(ALBANY, NY - JUNE 20, 2019) - In a flurry of action this week, New York’s lawmakers have wrapped up the legislative session by passing multiple bills that Audubon New York—and many local Audubon chapters—successfully advocated for, including the Climate Leadership and Community Protection Act (CLCPA). The CLCPA is an ambitious climate bill that puts us on the path to a cleaner future and serves as a model for the nation.
You helped make this landmark legislation happen! Almost 1,500 members gave voice to birds by signing our action alert in support of a climate bill this past week. Another 1,500 signed in support of establishing a bird-friendly buildings council. Thank you!
Climate change is an urgent threat to our local communities and bird species that depend on New York, including the beloved Piping Plover, Wood Thrush, and Snowy Owl.
The CLCPA reflects this urgency in timing and scope: it calls for New York to eliminate 85% of its overall planet-warming emissions by 2050, while offsetting or capturing the other 15%. While five other U.S. states have adopted 100% clean-energy targets, New York’s calls for the greatest reduction in carbon emissions and is the first to implement an economy-wide climate solution.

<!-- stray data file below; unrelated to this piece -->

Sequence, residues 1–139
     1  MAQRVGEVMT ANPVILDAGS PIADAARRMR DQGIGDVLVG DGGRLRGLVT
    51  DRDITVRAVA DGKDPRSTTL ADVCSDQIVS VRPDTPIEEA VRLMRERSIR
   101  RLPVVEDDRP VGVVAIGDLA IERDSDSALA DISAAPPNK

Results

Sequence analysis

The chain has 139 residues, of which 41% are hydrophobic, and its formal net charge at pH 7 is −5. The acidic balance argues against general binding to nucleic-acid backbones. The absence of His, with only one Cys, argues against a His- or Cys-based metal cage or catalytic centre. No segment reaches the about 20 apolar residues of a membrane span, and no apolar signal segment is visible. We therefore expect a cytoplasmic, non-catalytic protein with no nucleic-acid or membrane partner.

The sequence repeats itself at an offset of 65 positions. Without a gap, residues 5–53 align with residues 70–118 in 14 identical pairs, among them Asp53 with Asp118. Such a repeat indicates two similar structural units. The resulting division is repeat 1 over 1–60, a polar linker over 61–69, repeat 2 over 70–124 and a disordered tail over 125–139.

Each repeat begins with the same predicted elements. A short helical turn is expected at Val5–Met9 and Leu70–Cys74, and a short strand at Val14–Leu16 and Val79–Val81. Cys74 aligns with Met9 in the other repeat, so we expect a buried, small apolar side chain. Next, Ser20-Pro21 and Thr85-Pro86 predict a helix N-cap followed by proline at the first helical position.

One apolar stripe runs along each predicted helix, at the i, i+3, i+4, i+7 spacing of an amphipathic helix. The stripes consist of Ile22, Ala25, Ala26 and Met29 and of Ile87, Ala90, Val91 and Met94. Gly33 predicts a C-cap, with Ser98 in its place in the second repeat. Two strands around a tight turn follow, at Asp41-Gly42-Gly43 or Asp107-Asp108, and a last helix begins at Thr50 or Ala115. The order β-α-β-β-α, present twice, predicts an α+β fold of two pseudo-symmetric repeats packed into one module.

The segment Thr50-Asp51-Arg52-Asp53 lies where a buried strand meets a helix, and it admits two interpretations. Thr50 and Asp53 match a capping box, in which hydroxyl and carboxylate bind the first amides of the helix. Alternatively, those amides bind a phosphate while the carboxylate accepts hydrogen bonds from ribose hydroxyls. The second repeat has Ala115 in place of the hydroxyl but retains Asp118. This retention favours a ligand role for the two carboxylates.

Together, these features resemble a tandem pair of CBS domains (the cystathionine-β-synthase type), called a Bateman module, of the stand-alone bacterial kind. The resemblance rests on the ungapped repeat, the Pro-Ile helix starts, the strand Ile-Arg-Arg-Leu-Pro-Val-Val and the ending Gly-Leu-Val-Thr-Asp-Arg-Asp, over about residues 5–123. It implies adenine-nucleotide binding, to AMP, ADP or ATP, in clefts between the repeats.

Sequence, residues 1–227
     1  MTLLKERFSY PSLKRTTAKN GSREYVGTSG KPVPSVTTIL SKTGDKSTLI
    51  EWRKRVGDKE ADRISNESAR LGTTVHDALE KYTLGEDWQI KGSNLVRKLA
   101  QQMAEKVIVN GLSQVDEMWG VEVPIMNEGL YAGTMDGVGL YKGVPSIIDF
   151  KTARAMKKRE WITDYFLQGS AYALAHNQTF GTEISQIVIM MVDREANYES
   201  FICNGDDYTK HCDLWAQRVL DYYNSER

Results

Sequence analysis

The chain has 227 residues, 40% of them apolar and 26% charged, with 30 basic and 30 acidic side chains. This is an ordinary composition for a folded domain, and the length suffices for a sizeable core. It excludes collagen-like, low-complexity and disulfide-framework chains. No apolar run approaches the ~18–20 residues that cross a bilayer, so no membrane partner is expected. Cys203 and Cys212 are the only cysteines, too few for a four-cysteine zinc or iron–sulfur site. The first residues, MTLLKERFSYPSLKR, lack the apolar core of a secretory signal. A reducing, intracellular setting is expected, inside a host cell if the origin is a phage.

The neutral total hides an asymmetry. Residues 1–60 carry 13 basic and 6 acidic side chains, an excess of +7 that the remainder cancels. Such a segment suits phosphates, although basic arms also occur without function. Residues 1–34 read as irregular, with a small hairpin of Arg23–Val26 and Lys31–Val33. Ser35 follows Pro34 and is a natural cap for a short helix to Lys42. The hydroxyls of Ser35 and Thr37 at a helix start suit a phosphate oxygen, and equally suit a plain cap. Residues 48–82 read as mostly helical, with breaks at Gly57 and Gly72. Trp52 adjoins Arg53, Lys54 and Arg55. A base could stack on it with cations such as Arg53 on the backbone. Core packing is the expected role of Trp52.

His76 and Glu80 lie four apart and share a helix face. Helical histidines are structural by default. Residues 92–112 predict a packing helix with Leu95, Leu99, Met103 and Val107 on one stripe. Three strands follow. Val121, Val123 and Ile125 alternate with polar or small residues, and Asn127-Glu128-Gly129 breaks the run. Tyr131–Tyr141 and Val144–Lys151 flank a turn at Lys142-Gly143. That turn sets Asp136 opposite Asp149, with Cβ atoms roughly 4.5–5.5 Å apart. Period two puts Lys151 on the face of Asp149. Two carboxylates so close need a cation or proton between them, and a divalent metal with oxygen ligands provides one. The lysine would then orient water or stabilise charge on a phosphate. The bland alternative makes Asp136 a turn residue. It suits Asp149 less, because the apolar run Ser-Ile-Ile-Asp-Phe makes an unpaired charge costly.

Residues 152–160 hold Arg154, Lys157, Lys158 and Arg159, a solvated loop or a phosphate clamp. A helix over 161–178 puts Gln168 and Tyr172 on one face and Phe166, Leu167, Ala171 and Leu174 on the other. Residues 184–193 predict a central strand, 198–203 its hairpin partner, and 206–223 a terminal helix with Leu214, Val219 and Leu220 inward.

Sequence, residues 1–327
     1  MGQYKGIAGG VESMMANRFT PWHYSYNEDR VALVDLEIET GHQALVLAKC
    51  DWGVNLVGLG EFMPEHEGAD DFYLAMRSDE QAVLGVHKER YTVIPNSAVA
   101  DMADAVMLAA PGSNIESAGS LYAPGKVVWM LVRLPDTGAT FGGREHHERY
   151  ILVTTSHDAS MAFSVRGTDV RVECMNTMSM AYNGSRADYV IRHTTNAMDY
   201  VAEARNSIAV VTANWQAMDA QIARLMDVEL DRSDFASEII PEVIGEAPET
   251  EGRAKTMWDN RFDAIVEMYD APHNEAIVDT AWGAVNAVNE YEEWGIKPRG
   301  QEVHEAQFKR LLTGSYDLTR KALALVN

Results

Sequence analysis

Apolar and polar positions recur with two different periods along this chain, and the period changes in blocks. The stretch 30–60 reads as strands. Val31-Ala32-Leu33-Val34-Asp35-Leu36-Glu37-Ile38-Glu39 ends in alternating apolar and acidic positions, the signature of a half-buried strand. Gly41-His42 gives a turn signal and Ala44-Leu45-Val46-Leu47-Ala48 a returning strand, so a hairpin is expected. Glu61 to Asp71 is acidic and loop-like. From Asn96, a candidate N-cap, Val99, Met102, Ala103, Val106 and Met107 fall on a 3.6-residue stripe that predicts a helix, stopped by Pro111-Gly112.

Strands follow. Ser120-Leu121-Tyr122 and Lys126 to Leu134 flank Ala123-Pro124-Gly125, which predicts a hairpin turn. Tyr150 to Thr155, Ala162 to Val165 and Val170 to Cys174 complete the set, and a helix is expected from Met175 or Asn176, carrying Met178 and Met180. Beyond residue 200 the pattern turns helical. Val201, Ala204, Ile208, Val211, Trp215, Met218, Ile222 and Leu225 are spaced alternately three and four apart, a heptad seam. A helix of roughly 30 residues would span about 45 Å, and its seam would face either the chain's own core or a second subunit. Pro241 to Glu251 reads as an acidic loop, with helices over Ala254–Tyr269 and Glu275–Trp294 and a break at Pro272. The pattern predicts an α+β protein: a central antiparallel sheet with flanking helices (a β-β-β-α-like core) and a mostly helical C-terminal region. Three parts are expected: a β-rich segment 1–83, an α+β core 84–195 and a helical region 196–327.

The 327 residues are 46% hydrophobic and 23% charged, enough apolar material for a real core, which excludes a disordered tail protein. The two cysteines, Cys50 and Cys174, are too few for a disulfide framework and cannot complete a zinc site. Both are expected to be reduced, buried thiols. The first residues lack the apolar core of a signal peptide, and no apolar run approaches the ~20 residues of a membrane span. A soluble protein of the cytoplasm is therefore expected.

It’s been a truly memorable legislative session. New York is living up to its motto and moving “Ever Upward.”
Thanks to our members, local Audubon chapters, and conservation partners who mobilized for change, our birds and our communities have a brighter future.
A Few More to Celebrate
PASSED! The Bird-friendly Buildings Council Act establishes a council to promote the use of bird-friendly building materials and design features in buildings; research the magnitude of problems facing birds colliding with buildings; identify existing and emerging products, technologies and concepts to reduce or eliminate bird mortality from building collisions; and develop public awareness. Passage of this legislation would not have been possible without the significant involvement of local chapters Four Harbors Audubon Society and New York City Audubon.
PASSED! The Marine Mammal and Sea Turtle Protection Act helps protect the State-owned waters around Plum, Great Gull, and Little Gull Islands, which provide critical habitat for over 210 bird species. Great Gull Island is one of the most important tern nesting sites on earth, with more than 10,000 pairs of Common Terns and approximately 2,000 pairs of Roseate Tern.
PASSED! A bill that would extend the Department of Environmental Conservation’s authority to prevent the spread of aquatic species for an additional year, which will support habitat for fish, birds, and other wildlife and improve recreational opportunities for boaters and anglers.